“Benign, natural materials including dirt/sand” — Statement by GNP Company, a large producer of poultry products, which is recalling over 55,608 pounds of chicken after the USDA reported the poultry may be contaminated with “extraneous materials.” Hope you’re in the mood for soil tonight.
- While U.S. stocks had a strong day yesterday, they couldn’t compare to Europe’s whopping 3.5% gain, as Brexit fears subsided and markets everywhere rallied
- Shares of Disney were up after its Pixar division set an animated box office record for Finding Dory, which raked in $136.2 million over the weekend
Walmart looks east…
…You guessed it—China. Don’t worry, our favorite low price guarantee outlet isn’t going anywhere—but it is tweaking its game plan. Walmart is selling its Chinese e-commerce business to JD.com, China’s second-largest online retailer. Wal-Mart believes this move will better its image and presence in China, the market everybody’s trying to break into. The JD x Walmart partnership goes both ways, too: Walmart is also taking a 5% stake in JD.com. How does JD feel? Let’s put it this way: who wouldn’t want to partner with the world’s most lucrative company?
If you thought Twitter was done….
…After investing $70 million in SoundCloud last week, think again: yesterday, it acquired Magic Pony Technology (yes, that’s the real name). To be clear, Magic Pony Technology has no connection to My Little Pony (sorry to disappoint)—it’s actually a machine-learning company whose technology improves the quality of video streams. Twitter, as you might recall, is all about live streaming these days (remember its purchase of Periscope?) and, well…you get the picture. Of course, the fact remains that despite all its wheeling and dealing, Twitter is still struggling to grow its user base at the pace Wall Street expects, but investors are hopeful this deal will nudge the social media giant in the right direction.
Apple falls far from the tree…
…And lands all the way in India? The country may just be the hottest new destination for tech companies. India has had quite the busy few days: first, its central bank head announced his resignation over the weekend. Then yesterday, it officially and completely changed its stance on foreign direct investment, now allowing companies like Apple to enter the country for business. If the tech monster makes the obvious decision to act right away, its margins could skyrocket almost immediately. Expect U.S. tech companies to flock to India for expansion, but who better to pioneer the movement than Apple itself?
“Remain” is the new “Leave”…
…Or at least for now. In the latest back-and-forth news on Brexit (that’s code for whether the U.K. will stay in the European Union or go it alone), new polls show the “remain” camp regaining ground against the opposing “leave” camp, meaning the likelihood of Britain peacing out of the EU seems to have declined. That was music to investors’ ears, who are more or less hoping the status quo wins out—and markets steadied around the world yesterday as a result, recovering some of last week’s losses. That being said, plenty could still happen between now and Thursday’s looming vote, and any sign of doubt could send global markets tumbling again. And if the Brexit is actually voted through? All bets are off.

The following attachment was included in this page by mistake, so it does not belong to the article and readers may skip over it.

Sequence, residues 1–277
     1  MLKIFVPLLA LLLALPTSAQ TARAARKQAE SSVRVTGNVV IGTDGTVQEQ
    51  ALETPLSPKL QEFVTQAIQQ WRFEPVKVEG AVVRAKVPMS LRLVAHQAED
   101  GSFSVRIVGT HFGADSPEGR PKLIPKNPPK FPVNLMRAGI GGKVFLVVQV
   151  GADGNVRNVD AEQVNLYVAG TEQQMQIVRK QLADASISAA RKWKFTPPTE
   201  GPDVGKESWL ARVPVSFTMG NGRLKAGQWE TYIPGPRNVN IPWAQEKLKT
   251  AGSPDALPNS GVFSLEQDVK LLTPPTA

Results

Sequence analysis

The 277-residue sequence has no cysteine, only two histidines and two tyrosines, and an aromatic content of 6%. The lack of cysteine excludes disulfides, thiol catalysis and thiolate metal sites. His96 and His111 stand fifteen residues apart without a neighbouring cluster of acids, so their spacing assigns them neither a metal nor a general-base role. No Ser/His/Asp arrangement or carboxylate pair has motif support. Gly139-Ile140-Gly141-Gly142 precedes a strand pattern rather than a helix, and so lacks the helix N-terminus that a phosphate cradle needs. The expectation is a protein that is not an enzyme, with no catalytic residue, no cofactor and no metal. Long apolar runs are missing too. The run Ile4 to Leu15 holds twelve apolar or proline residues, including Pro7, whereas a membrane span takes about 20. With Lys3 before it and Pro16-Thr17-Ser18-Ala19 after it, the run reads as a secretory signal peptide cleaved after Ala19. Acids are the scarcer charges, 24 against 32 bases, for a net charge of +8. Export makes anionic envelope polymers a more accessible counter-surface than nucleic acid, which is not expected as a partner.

- New York Times readies ad-free subscription model
- Tumblr launching live video this week
- Cuban coffee coming to the U.S.
- Titleist owner files for IPO
- Monday: Treasury Bill Auctions
- Tuesday: Adobe, FedEx Earnings
- Wednesday: Bed Bath & Beyond, Barnes & Noble Earnings; Existing Home Sales
- Thursday: BlackBerry, Accenture Earnings; New Home Sales; Weekly Jobless Claims
- Friday: Durable Goods Orders; Consumer Sentiment
Even if the Humans of New York Facebook page is your only source for news, you probably know that the refugee crisis has had a widespread and heartbreaking impact. But what you may not know is that forced displacement is at an all-time high. According to the UNHCR, one in 113 people on Earth is either an asylum-seeker, internally displaced or a refugee.
- As of the end of 2015, 65.3 million people worldwide were displaced. For a sense of size, that’s like the entire population of the U.K. up and leaving. Compare this to 59.5 million in 2014…and consider the fact that this is the first time ever that the threshold of 60 million has been crossed.
- How does this figure break down? 3.2 million people are in industrialized countries awaiting a decision on asylum, 21.3 million are refugees and 40.8 million are internally displaced (meaning they’re forced to leave home, but are still located in their home country).
- So where do most refugees come from? Unsurprisingly, Syria is the main source, at 4.9 million. 2.7 million have come from Afghanistan, and 1.1 million from Somalia. That still leaves us with 56.6 million…meaning we can’t just blame a few countries.
- Incase these figures haven’t shocked you enough, let’s put it this way: an average of six people are displaced every minute. That’s twice as fast as we breathe.
INTERVIEW QUESTION OF THE DAY
Rounded off to the nearest whole year, how many years would it take for your money to double in an investment that was increasing with an annual compound rate of 3.5%?
BUSINESS TERM OF THE DAY
Irrational Exuberance — The term “irrational exuberance” was first used by Alan Greenspan, the former head of the Federal Reserve. He made the term famous at a black tie dinner in Washington in 1996, and it came to symbolize the booming bull market. Oh, the roaring 90’s.
We all know social security isn’t looking good these days, and unfortunately, neither are pensions. The Pension Benefit Guaranty Corporation told Congress that it will have a deficit of $53.4 billion in today’s dollars by 2025 if it cannot raise an additional $15 billion. Ouch.